Tag Archives: family saga

“Atonement” by Ian McEwan


In my quest to read at least 50 out of the 100 books on the BBC Book List Challenge, I chose Atonement because it is a short book and I saw the movie a few years ago.  I remember somewhat enjoying the movie, but found it a little depressing.  However, the book is always better than the movie so I went into this book hoping that good writing would make up for the melancholy theme.

Aptly titled, Atonement is a family saga of sorts that traces the aftermath of a young girl, Brionny, who witnesses her cousin being raped and mistakenly blames her sister’s lover (Robbie) for the crime.  I don’t want to give away too much of the story, but the title does make it clear she spends the rest of her life trying to atone for her error.

The success of the book comes from showing the maturity of Brionny, who transforms from a naive girl living in her head, to a nurse who rues her mistake and tries to find absolution with her sister (Cecilia) and Robbie.  Mixed in with Brionny’s character development is what happens to Robbie and his relationship  with Cecilia following the false accusation.

Does Brionny ever find forgiveness?  Do the Romeo and Juliet-esque lovers ever find their happy ending after being torn apart?  For those answers, you will have to read the book.

My only criticism of Atonement is the very last part, which seemed to drag on.  The only purpose seemed to answer the question of what happened to Robbie and Cecilia, but I think the reveal could have been done in fewer pages and still leave the reader satisfied.

I give this book 4 out of 5 stars for its en pointe writing and character development.



Filed under Classics, Fiction


Though the whole book is, essentially, about sex in one form or another, the title (Middlesex) ironically is not.  Incest, gender identity, sexual orientation, and a hermaphrodite are all included.  Middlesex intrigued me with its subject: a hermaphrodite who starts out life as a female, and then becomes a male in her teen years. I expected a deep insight into the emotions of being born as neither male nor female, but a fuzzy mix.  What I got was a richly told family saga: from a small village in Greece to a suburb of Detroit.  Essentially, the book chronicles just how the main character, Calliope, becomes what he/she is. Throughout most of the book, Calliope narrates and informs the reader with a mix of story telling and scientific facts.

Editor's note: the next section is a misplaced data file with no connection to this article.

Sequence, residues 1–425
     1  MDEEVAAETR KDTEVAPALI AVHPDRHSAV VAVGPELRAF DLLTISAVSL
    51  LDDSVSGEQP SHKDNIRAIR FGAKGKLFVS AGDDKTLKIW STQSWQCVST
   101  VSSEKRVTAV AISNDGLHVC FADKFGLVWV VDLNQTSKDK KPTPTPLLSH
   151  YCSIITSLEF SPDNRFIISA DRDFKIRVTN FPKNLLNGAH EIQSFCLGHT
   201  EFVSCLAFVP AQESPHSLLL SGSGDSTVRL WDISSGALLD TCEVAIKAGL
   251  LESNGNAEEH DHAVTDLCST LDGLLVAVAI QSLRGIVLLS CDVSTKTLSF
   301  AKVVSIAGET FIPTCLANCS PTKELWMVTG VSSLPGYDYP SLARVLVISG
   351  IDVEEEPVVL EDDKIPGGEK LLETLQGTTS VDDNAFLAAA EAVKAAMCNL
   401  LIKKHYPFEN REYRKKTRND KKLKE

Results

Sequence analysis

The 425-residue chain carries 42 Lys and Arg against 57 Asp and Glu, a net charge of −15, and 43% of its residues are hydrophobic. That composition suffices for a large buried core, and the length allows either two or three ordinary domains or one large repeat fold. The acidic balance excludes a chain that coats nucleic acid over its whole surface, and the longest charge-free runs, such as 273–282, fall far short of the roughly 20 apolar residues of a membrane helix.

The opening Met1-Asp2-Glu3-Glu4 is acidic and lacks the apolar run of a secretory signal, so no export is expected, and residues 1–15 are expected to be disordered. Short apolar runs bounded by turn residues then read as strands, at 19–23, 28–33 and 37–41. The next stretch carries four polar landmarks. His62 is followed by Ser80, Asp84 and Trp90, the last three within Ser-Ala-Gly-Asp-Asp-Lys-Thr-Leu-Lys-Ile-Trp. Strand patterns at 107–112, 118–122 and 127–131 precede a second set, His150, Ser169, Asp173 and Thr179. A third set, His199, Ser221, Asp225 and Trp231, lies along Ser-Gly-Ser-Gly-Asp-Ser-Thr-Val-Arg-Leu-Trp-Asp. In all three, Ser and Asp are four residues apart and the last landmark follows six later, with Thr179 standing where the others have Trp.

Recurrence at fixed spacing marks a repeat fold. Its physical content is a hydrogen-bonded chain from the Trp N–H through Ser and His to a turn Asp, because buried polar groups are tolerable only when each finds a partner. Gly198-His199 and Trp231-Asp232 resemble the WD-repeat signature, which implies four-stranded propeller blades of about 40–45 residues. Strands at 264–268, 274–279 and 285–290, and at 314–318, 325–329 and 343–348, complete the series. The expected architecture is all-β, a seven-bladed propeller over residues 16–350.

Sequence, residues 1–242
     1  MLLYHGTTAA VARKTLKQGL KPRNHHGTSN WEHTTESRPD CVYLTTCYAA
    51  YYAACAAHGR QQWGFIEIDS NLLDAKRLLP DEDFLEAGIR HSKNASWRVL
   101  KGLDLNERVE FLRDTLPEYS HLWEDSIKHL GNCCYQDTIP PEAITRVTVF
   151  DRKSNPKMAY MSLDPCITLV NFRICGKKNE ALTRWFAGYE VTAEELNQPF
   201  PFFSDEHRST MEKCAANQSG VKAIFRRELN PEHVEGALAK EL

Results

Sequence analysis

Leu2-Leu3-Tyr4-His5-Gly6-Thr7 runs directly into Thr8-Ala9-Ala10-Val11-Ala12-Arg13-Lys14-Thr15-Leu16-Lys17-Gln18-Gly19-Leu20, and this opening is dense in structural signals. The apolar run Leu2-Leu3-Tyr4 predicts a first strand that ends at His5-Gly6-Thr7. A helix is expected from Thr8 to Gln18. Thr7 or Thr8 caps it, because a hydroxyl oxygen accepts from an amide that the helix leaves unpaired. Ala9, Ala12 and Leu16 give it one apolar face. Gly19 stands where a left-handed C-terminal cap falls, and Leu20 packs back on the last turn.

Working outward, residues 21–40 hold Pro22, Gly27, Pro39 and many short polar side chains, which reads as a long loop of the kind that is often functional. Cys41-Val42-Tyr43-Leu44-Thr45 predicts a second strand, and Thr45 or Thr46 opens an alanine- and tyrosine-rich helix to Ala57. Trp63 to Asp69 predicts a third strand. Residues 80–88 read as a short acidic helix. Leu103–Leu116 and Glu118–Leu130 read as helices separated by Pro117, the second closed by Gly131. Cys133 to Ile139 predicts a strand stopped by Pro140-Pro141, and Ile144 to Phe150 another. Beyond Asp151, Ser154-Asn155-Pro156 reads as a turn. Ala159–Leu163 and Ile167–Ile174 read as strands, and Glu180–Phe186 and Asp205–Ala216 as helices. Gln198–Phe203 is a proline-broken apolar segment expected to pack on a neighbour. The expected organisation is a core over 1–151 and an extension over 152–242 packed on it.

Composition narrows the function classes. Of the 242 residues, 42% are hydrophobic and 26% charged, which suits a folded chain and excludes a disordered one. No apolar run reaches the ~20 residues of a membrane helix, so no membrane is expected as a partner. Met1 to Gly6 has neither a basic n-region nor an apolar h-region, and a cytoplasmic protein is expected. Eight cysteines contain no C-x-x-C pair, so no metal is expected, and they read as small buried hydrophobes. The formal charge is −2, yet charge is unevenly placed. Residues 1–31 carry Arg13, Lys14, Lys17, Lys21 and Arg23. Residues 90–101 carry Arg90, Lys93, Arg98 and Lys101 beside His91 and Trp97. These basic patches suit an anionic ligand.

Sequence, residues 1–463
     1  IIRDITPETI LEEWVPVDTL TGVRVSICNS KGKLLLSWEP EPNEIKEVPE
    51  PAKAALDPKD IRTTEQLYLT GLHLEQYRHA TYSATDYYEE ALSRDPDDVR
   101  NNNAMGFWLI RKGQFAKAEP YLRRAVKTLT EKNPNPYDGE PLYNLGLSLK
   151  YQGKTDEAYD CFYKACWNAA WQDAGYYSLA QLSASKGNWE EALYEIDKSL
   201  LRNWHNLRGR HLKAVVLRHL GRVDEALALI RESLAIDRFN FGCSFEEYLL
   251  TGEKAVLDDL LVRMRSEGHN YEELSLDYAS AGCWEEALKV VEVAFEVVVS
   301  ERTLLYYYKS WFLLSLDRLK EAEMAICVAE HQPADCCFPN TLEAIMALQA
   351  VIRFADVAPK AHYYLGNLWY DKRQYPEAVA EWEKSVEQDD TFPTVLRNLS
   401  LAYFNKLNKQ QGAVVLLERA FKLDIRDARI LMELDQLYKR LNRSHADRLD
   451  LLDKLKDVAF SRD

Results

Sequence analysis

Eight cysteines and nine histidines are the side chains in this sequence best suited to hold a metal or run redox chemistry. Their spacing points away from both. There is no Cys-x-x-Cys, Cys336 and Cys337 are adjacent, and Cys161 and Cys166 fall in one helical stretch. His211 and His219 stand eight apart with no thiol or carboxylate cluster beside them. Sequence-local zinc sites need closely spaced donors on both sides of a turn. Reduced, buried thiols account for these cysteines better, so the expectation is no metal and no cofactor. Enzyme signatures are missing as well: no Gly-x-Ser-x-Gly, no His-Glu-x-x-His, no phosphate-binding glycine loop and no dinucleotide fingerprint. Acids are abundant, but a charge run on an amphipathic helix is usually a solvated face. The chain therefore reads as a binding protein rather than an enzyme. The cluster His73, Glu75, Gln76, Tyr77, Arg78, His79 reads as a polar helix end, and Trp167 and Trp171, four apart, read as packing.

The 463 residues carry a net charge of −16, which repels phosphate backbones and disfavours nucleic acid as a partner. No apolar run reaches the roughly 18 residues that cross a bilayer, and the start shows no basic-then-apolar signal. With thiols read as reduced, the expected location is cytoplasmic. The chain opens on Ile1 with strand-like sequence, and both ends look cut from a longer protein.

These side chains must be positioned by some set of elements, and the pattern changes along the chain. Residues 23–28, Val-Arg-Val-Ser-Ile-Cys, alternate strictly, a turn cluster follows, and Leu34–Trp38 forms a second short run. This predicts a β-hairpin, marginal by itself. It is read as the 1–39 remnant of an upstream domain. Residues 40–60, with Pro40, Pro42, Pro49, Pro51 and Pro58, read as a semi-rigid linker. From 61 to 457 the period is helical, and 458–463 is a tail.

Jeffrey Eugenides, the author, did an excellent job on this book.  Though I would have liked to have read more about Calliope’s life after becoming a male, I was completely drawn into the fascinating story of her family and how they developed.  To warn the reader: the incest section at the beginning is a little disturbing to read, especially if you have siblings.  It gets easier to read after that though, I promise.  Another thing Eugenides did well was explain the science behind Calliope’s being.  As an aspiring geneticist, I appreciated the way Eugenides chronicled the recessive gene’s journey throughout the generations until, by chance, it reached Calliope.

This is an important book to read.  Especially if you are against gay marriage.  I say that because Middlesex challenges what it means to be either male or female.    Calliope finds out that, genetically, she is male.  She has an X and Y chromosome, which is how we determine sex today. However, Calliope looked like a female on the outside, and was thus raised as one.  She never doubted her identity until she started to develop a crush on a girl at her school. Genetically, a male but nurtured as a girl.  So what is she exactly?  In the end, it was Calliopes choice.  Imagine that, having to chose what gender you are.  In our society, we put so much emphasis on gender roles and gender identity.  We see it as being a black and white matter.  This book proves otherwise.  If gender is really so gray, then why are marriage rights so strict?  That was my overall impression after finishing this book.

Overall verdict: read this book if you are interested in family sagas, genetic anomalies, or just want to read something thought provoking.  Great for discussing with others.

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Filed under Fiction